Re Marx-Pomo Bib. Jon's Comments

Carrol Cox cbcox at
Thu May 30 09:56:14 MDT 1996

Jon, a partial response to your comments on my bibliography.

> A couple of things...
> First of all, it's strange to think of this Sokal affair as a clash
> between marxism and postmodernism: neither term describes either "side."
  Any statement can point in a number of ways. I'll agree that if we stickto
closely to Sokal's essays, the clash is not centrally between "X" and
Marxism. Marxism hardly enters in, and one can't really complain about
assholes like Roger Kimball (WSJ, May 29, making it a clash
between "left" (all professors to the left of Mussolini) and the good
old boys like Kimball himself. But I was delighted by Sokal's article
in Lingua Franca (which I read before it was brought up here) because,
WHATEVER the whole range of issues, it brought up one which does
seem to me to mark one of the dividing lines between the broad range
of positions I call Marxist and the "non-Marxist" or Anti-Marxist,
namely (however vulgar the point may be) that _some kind_ of
correspondence theory is correct: I mean, some never perfect and
always corrigible, correspondence between discourse and a world
beyond discourse. THAT is why I choose to see it as a Marxist-
Pomo split, ignoring all the "other sides."

> However, on the topic of marxism and postmodernism, I'd like to add
> just a couple of suggestions:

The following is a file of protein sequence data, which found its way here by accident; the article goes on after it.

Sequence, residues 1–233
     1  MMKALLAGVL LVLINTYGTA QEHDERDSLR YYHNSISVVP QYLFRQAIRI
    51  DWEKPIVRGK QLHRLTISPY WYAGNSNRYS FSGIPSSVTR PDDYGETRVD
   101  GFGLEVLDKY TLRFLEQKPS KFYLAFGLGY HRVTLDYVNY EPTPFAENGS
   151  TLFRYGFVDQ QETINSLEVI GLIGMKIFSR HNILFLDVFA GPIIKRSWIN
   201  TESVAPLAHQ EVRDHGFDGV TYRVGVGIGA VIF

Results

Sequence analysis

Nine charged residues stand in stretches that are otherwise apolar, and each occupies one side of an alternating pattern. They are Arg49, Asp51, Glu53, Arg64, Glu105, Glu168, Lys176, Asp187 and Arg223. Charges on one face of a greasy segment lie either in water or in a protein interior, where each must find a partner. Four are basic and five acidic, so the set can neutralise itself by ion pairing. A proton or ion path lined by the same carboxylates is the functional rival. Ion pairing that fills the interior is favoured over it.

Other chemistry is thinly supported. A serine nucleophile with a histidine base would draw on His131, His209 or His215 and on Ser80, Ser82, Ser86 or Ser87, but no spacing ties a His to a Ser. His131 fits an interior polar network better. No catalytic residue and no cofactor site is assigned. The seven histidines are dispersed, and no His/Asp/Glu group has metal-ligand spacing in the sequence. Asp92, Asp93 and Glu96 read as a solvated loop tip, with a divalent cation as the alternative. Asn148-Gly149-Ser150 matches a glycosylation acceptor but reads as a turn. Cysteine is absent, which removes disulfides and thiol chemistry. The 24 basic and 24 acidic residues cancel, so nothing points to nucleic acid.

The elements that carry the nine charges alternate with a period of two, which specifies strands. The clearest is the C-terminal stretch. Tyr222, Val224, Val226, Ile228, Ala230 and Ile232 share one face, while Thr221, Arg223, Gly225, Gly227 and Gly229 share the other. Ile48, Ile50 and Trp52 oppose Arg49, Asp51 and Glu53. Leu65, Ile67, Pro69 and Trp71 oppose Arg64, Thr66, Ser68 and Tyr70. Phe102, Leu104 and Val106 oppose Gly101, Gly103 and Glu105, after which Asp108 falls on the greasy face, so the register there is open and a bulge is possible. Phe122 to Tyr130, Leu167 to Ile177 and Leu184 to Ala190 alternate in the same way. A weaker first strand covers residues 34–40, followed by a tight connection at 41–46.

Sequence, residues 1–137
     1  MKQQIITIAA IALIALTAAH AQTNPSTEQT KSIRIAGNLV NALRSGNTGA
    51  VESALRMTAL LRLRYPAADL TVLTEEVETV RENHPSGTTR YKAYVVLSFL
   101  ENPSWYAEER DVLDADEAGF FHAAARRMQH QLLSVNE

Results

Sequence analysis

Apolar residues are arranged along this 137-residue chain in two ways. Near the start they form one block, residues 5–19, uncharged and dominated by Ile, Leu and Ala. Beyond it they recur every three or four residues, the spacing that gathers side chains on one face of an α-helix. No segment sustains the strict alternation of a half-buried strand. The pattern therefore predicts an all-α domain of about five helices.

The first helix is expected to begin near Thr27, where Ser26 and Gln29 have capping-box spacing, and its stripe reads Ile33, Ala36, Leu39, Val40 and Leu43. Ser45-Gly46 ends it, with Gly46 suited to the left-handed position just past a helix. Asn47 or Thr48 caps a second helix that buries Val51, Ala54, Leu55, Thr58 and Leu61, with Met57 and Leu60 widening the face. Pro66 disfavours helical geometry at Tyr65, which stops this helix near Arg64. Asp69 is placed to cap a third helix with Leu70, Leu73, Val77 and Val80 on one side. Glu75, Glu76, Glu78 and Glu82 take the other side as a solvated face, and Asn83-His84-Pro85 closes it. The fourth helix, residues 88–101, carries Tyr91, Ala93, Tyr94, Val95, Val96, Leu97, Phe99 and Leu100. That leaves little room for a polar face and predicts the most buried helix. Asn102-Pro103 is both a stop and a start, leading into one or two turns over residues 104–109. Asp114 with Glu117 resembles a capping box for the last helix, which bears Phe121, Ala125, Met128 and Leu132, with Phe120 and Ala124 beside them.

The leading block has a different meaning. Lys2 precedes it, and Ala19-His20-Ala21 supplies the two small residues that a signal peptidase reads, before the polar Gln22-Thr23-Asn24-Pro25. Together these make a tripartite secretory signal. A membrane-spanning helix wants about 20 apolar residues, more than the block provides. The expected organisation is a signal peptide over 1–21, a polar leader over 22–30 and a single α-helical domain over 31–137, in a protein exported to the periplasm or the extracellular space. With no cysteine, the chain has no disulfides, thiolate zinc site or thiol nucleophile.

> i.  It really is hard to look at this topic while ignoring Jameson, for
> example his introduction to _The Postmodern Condition_ or his _NLR_ essay
> on "Postmodernism, or the Cultural Logic of Late Capitalism." <snip>e a

I don't want to ignore Jameson, but I have a very funny reaction to him
which makes it difficult for me to respond to him. I have read
1hree of his books and a dozen or so of his essays, and each time
WHILE I'm reading it I feel I am discovering something important, but
if the next day someone should ask me--What did Jameson have to say?--
I'm afraid that usually my response would be, "Well--geez! I don't
really know." Perhaps a corollary to any "correspondence theory of
language and truth is a conviction that if someone is saying something,
that something can be paraphrased. I would have a hard time
paraphrasing his book on postmodernism, even though it did really
excite me as I was reading it.


<Sorry if there are blanks on the screen here: I never have been able
to figure out the details of the editor (elm) I use for e-mail>

> ii.  I'd also highly recommend Neil Larsen's work.  There's much I don't
> agree with--he's a Lukacian realist at heart--but he engages well with
> postmodernism, and his critiques are more informed and acute than most
> (certainly much more so than the nonsense that people like Christopher
> Norris, Terry Eagleton or Alex Callinicos are apt to put out about
> postmodernism).  See his collection of essays, _Reading North by South_.
  I would like to see an explanation as to why Norris writes nonsense.
And while Eagleton sets my teeth on edge, I'm not sure why, so I'd also
like an explanation of what is nonsensical in his work. As to Neil
Larsen, I have not read him, but the footnotes of an article from
_Transformation 1_ that I didn't cite in my bib begin: "I would like
to thank Neil Larsen for his reading and comments on this article."
The article is Greg Dawes, "A Marxist Critique of the Post-Structuralist
Subject," _Transformation 1_, pp. 150-188. (Incidentally, someone on
this list was inquiring about Voloshinov. Dawes discusses him at length
and argues vigorously that "he" is "he," not just a pen name for

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